The Knights Templar, a Christian military order founded about 1120, operated under the approval of the Roman Catholic Church for nearly 200 years. The order was highly respected for both its military prowess and the strict code of discipline observed by its members. Due to special privileges granted by the Catholic Church, the Knights Templar became an extremely wealthy and powerful organization throughout medieval Europe. But the order saw its fortunes suddenly and fatally reversed when the church withdrew its favor, in an event that remains controversial to this day.

The Warrior Knights

In 1099, the First Crusade succeeded in liberating Jerusalem from more than 400 years of Muslim rule. Christian states were set up and European Christians began making pilgrimages to the Holy Land in earnest. Pilgrims often fell prey to thieves and robbers populating the areas around Jerusalem. Several French knights who had settled in Jerusalem after the crusade vowed to devote their lives to keeping the roads safe for Christians traveling to the Holy Land, and the order was born.

Church Recognition

As more knights joined the group, King Baldwin II of Jerusalem allowed them to make their headquarters in his palace on the Temple Mount, came the order's name, the Poor Knights of the Temple of King Solomon, or simply the Knights Templar. The order was endorsed by prominent French abbot Bernard of Clairvaux, and in 1128 was officially recognized by the Catholic Church as a military religious order. The Knights Templar maintained a strong military presence in the Holy Land through the rest of the Crusades.

A Power in Europe

As the order grew, the Vatican granted the Templars generous privileges, such as immunity from the laws or control of any authority except the pope, exemption from all taxes and the freedom to cross any border at will. With such advantages, and although individual Templars took a vow of poverty, the order as a whole amassed a vast fortune. This came through the spoils of war, donations (including land), enrollment of members from wealthy families and various business endeavors, especially an early form of banking services. The order established a widespread network of estates, called preceptories, throughout much of Europe.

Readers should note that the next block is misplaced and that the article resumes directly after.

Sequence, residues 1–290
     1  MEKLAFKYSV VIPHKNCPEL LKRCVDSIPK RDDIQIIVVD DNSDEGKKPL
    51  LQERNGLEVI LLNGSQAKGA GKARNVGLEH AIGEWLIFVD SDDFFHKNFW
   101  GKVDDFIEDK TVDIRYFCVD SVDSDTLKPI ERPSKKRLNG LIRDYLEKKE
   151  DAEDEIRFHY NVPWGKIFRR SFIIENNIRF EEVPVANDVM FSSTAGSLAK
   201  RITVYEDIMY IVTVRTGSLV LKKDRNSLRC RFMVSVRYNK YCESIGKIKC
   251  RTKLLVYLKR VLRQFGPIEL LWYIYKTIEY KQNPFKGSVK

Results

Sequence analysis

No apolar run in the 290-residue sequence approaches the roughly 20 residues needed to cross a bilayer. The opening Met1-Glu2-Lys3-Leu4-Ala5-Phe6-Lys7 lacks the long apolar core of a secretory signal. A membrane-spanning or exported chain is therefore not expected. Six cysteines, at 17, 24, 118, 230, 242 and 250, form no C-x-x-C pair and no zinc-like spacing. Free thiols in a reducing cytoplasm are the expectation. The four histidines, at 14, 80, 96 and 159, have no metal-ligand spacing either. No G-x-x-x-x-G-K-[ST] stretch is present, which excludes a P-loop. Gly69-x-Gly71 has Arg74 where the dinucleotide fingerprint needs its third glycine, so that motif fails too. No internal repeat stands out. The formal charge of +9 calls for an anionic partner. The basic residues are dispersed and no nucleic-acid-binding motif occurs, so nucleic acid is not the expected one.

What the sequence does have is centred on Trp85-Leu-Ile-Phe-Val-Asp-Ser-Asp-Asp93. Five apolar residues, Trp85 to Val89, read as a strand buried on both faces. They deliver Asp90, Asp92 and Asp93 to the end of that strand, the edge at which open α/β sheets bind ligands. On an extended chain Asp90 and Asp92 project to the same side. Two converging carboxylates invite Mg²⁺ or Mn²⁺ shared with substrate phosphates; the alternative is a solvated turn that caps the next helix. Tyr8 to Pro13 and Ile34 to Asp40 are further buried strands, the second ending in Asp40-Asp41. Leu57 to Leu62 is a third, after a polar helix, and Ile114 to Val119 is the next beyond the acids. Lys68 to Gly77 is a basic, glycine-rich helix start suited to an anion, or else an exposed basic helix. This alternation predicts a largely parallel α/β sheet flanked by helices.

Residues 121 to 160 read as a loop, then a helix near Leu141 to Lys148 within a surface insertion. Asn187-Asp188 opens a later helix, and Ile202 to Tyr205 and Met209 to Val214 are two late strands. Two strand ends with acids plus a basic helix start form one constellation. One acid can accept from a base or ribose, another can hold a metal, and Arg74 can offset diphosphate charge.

Betrayal by French Monarchy

Due to their wealth the Templars served as financiers to the royal courts of Europe. But by the start of the 14th century the Christians had lost control of the Holy Land and with it, the purpose for which the Templars had originally formed. King Philip IV of France was heavily indebted to the order and sought to strike a blow against it, and in 1305 he saw his chance with the election of Pope Clement V, who was of French blood, depended on French royal protection, and chose to reign from France. In 1307 Philip arrested scores of Templars in France, accused them of various of acts of heresy and sacrilege, and obtained their confessions through torture. He then urged other monarchs and Pope Clement to assist in rounding up all other members of the order.

Arrest and Disbanding

While the pope and some European monarchs initially opposed Philip, Clement quickly took over the inquisition, and continued arresting the Templars. A transcript of their trial testimony and Clement's verdict from the official 14th-century report, which the Vatican republished in 2007, reveals that while Clement was convinced of the existence of immoral behavior among members of the order, he was inclined to reform the Templars and that the charges of heresy were unfounded. But the Templars were finished nevertheless. Dozens of members who had recanted their initial confessions during trial were burned at the stake in Paris in 1310. Clement officially abolished the order in 1312, and its last grand master, Jacques de Molay, was burned to death at the age of 70 in 1314.